When you go to the doctor, you expect him or her to treat you with a high standard of care. While mistakes may happen in any profession, the doctor has to be held accountable if a mistake puts your life in danger or results in a serious injury or illness. If you feel as though something went wrong with your treatment, you deserve to investigate it. Sometimes medical malpractice is easy to spot, but other times it may seem more ambiguous. For example, you may feel off after starting a new treatment or as if you’re developing symptoms outside the normal side effects. Here is what you need to do to determine whether you have a malpractice claim.

Was There Negligence?

Medical professionals swear an oath to take care of their patients. They have a duty of care that must be upheld no matter what. Negligence occurs when a doctor does not take the same action that his or her peers would in the same situation. If he or she took action that was riskier to your health and resulted in illness, injury or a worsening condition, this is negligence. Some examples of negligence include:

  • Misdiagnosis
  • Medication errors
  • Lack of follow-up care
  • Surgery complications

Misdiagnosis may sometimes be difficult to pin down. Doctors do not have to be right every time. Mistakes are allowed and some illnesses have overlapping symptoms to other illnesses. However, as a personal injury lawyer from Hayhurst Law, PLLC explains, if a doctor ignored symptoms or ignored a likely diagnosis, he or she may have acted negligently.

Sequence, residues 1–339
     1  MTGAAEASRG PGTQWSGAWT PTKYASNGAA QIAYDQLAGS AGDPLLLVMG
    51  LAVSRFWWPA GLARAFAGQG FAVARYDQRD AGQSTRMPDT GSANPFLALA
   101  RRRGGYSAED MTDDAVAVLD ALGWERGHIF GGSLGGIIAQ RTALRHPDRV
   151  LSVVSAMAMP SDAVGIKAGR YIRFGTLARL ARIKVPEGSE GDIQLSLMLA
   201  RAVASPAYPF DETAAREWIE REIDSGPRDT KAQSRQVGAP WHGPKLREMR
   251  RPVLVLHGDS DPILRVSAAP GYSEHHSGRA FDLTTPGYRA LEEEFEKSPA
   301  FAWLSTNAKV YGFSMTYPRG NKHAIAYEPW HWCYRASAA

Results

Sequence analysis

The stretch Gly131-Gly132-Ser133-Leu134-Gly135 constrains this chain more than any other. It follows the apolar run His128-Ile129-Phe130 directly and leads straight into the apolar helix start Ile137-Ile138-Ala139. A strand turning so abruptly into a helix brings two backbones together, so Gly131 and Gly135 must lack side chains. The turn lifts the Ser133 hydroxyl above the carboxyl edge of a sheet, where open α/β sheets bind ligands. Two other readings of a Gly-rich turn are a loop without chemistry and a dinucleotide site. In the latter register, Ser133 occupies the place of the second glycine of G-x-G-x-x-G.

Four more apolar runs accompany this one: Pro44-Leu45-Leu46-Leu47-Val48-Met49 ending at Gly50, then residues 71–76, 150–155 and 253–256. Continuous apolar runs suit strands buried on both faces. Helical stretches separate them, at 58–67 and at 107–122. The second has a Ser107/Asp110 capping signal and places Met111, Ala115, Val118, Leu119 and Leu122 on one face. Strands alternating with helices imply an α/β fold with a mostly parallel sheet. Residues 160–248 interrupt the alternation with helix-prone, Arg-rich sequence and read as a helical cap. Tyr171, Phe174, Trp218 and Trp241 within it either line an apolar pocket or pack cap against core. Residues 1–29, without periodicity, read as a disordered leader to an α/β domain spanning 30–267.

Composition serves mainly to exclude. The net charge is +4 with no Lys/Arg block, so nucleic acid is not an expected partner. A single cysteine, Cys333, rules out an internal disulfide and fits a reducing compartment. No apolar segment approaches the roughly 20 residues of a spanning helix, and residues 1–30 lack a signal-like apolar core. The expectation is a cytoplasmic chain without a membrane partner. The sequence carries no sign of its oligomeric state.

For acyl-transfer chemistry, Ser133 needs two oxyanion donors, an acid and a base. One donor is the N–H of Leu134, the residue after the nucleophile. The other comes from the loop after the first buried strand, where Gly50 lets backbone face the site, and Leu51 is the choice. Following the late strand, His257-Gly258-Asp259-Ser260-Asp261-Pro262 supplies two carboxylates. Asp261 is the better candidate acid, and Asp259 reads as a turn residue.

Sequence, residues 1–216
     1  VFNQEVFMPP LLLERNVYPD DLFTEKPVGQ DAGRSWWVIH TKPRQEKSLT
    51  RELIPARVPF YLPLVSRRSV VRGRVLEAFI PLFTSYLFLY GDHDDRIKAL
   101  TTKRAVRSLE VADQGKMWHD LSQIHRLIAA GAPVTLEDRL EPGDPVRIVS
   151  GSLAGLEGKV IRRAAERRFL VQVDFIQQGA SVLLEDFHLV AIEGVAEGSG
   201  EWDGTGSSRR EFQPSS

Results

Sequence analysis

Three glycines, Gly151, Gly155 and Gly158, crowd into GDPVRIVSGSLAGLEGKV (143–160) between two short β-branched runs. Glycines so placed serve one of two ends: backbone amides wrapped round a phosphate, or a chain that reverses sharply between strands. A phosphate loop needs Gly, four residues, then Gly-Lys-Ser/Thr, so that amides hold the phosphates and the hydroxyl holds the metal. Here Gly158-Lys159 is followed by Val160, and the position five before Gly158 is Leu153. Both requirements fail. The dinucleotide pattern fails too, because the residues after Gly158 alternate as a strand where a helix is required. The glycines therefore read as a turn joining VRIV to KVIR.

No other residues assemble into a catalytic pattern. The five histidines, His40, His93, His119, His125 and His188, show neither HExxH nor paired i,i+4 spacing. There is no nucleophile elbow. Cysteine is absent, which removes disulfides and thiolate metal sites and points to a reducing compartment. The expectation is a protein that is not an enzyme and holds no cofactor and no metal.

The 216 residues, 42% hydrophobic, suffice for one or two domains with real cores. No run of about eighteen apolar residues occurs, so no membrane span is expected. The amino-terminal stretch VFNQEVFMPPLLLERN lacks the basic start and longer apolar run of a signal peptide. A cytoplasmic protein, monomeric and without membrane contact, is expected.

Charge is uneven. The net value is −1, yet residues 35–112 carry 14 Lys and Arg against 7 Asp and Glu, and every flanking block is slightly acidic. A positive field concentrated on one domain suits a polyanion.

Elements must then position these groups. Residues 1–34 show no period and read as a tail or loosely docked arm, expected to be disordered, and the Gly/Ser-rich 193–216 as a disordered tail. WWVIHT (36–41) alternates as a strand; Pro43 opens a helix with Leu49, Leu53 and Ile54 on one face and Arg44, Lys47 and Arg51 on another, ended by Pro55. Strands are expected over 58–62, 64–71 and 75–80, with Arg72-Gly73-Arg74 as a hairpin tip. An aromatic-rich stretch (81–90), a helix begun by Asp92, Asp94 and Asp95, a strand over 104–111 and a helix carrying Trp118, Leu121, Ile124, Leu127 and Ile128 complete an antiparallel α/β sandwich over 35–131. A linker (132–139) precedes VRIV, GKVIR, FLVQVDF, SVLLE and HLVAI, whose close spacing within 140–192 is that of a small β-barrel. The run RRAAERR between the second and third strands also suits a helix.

Was There Another Opinion?

If you fear you’ve been the victim of medical malpractice, you should visit another doctor as soon as possible. Some patients fear turning their backs on their doctor or that another doctor would be offended to be the second opinion. It is within your rights to see another doctor and receive a second opinion about your diagnosis or treatment. While most doctors will not stand up for each other if acted negligently, you may want to go to an unaffiliated clinic or hospital to receive your second opinion. Another doctor may be able to inform you if your current treatment meets the standard of care or if the care has caused you worse harm.

Suppose you’re unsure about whether you have a claim, set up a consultation with a medical malpractice lawyer as soon as possible. Your lawyer will explain what constitutes a medical malpractice claim, along with helping you collect the appropriate evidence to file your claim.